Set in England and Russia during the most dramatic and crucial months of the Cold War, “The Courier” takes place in the two years between 1960 and 1962. The C.I.A. and the British Intelligence Agency cooperated in espionage and surveillance in order to counter Russia’s bellicose posturing, made evident when Nikita Khrushchev ordered missile launching sites to be placed in Cuba facing the U.S. just 90 miles away. The events leading up to this dramatic development make for exciting cinema especially when we know that they are based on a true story.
Directing this good old-fashioned spy thriller, Dominic Cooke uses the talents of two superb actors. Benedict Cumberbatch , always reliable in a variety of roles, plays Greville Wynne, a British engineer turned salesman, who makes trips to Eastern Europe selling electronic equipment. Wynne is married with a young son, sports a well-tended mustache, and knows how to please his customers, providing them pleasant lunches and allowing them to win in competitive golf games.
One day he is taken to lunch by an acquaintance who is accompanied by an American “consultant,” Emily Donovan (Rachel Brosnahan). She turns out to be a C.I.A. agent enlisting the help of the Brits to ferry extremely sensitive documents from a complicit Russian informant in Moscow. Because Wynne has traveled to eastern Europe on many sales trips, he will not arouse suspicion when he applies for a visa to enter Russia. At first Wynne laughs at the suggestion that he would be doing the work of a spy, but Donavan is convincing and assures him of his safety and of the importance of the information he will carry back to the West.
The other superb actor in this spy thriller is Oleg Penkovsky (Merab Ninidze), a former Colonel in the Soviet Army and now a top researcher in the USSR’s military intelligence agency. Appalled at the rapidity of the nuclear research conducted in Russia and alarmed at Khrushchev’s weapons build-up and threats of nuclear war, Penkovsky, also married and with a young daughter, wants to do all he can to avert a nuclear disaster in which there would be no winners. He is the C.I.A.’s contact and he will be passing the documents to Wynne.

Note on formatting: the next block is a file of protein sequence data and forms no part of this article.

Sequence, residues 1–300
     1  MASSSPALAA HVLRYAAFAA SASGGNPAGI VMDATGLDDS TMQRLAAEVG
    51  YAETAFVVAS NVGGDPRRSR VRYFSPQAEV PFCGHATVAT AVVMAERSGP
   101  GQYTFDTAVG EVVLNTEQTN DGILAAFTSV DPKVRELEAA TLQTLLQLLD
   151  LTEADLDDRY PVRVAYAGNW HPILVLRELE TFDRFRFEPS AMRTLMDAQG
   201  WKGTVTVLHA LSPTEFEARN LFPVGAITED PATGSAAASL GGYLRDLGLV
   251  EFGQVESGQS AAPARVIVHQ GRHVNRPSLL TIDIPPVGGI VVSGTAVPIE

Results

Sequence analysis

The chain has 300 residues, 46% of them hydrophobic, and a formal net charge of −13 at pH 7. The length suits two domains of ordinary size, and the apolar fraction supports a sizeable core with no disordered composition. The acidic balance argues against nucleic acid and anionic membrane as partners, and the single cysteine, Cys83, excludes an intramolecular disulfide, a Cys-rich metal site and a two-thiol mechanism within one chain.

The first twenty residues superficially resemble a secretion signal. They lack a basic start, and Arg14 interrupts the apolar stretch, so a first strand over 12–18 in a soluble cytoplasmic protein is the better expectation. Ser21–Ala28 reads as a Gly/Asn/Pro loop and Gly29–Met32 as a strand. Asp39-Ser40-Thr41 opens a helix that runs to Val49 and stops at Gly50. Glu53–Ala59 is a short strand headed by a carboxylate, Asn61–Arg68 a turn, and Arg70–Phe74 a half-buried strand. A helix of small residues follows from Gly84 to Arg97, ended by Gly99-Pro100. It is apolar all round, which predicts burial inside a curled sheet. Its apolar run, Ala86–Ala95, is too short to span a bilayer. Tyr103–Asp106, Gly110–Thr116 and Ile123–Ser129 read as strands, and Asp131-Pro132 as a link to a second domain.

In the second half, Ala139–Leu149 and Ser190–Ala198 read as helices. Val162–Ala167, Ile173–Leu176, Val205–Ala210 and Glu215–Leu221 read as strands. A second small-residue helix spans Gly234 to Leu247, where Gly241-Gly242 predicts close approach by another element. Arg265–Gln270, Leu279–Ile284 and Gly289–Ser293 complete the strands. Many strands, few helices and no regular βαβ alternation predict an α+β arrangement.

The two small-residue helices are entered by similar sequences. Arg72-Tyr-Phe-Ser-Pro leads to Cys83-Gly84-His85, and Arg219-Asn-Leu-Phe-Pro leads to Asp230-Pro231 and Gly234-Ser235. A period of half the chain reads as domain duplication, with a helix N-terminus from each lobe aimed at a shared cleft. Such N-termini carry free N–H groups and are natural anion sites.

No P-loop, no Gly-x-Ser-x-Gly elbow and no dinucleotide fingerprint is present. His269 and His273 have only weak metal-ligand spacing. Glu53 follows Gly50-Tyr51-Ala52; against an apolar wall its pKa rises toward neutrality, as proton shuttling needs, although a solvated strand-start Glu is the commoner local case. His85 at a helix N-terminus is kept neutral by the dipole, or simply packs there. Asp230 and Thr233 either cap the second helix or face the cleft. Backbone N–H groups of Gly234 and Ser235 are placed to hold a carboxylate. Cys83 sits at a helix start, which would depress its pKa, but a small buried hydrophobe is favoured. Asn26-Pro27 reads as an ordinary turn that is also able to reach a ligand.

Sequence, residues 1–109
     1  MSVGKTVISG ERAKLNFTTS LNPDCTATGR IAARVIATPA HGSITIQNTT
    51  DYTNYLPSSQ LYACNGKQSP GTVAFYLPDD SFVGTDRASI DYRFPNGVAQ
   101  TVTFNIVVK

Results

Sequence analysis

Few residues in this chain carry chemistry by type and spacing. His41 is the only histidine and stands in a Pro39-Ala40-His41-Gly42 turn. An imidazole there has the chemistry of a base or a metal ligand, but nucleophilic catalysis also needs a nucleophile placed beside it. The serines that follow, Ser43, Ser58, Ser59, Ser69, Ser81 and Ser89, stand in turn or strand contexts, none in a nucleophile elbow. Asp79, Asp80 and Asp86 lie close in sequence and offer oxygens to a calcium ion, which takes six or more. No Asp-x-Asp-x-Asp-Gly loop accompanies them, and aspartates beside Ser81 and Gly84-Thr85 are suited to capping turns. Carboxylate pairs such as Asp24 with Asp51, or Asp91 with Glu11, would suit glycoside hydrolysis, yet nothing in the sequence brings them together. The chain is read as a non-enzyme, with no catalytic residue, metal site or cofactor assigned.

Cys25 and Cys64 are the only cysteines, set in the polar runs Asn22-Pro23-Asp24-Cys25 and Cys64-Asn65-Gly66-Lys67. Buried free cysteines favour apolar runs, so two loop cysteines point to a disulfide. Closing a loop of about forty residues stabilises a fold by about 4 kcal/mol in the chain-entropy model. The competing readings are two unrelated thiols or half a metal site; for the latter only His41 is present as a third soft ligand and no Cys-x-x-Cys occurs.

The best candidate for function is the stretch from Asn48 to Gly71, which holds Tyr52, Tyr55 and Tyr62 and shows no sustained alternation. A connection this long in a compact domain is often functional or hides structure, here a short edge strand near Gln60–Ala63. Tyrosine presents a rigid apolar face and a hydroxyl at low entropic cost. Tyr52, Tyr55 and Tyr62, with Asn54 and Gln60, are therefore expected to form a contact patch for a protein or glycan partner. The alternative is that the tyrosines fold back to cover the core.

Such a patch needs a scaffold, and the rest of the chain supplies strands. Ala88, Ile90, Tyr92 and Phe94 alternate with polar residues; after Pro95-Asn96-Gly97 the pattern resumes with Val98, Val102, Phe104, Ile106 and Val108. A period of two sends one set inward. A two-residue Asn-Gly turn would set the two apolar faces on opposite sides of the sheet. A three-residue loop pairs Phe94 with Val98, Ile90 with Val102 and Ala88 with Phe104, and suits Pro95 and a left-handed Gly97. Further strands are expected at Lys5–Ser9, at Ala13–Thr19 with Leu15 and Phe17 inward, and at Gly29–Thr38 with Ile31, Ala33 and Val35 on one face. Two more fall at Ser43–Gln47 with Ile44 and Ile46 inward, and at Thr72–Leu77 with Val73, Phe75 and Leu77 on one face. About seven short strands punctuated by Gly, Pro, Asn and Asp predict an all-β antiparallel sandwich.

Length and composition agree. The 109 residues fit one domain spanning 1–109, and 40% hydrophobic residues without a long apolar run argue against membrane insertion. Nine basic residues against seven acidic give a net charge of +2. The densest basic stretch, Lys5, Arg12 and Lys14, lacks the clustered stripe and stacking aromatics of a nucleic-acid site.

Using all of the familiar tropes of spy thrillers, “The Courier” has scenes in which identity is established by use of a particular tie clasp; two men talk in a hotel room with a radio turned on so that surveillance bugging devices cannot detect them; documents filmed by a Minox camera hidden in a desk drawer; chalk marks used on outdoor equipment. Cooke’s trips to Moscow become protracted as more and more evidence of Russia’s nuclear capabilities appear in documents that Oleg passes on to Wynne.
The two men grow to trust and even like each other. One scene is particularly engaging when Oleg, in an effort to show Wynne the cultural heritage of Russia, takes him to a performance of “Swan Lake” in Moscow’s most prestigious theater. Also attending, in his own box, is Nikita Khrushchev, on whom all eyes are cast as he is seated. The two men share their dreams of a future without the constant threat of nuclear disaster. Wynne smiles in surprise when Oleg tells him he hopes that someday he can defect to the United States and live under the open skies of Montana.
To round out the characters of both men we are given scenes of their domestic lives, especially Wynne’s, whose wife Sheila (Jessie Buckley), becomes suspicious over a possible infidelity when her husband’s trips to Moscow grow even more frequent. She reminds him that she has forgiven a past infidelity but assures him that she will not tolerate another one.
Before this movie is over, we relive the collective relief experienced in the U.S. and abroad when Krushchev backed down and removed the missiles he installed in Cuba. It is time to tell the true and compelling story of two men who helped make this outcome possible.
Movie theaters are reopening, and this movie was seen at the Fullerton AMC.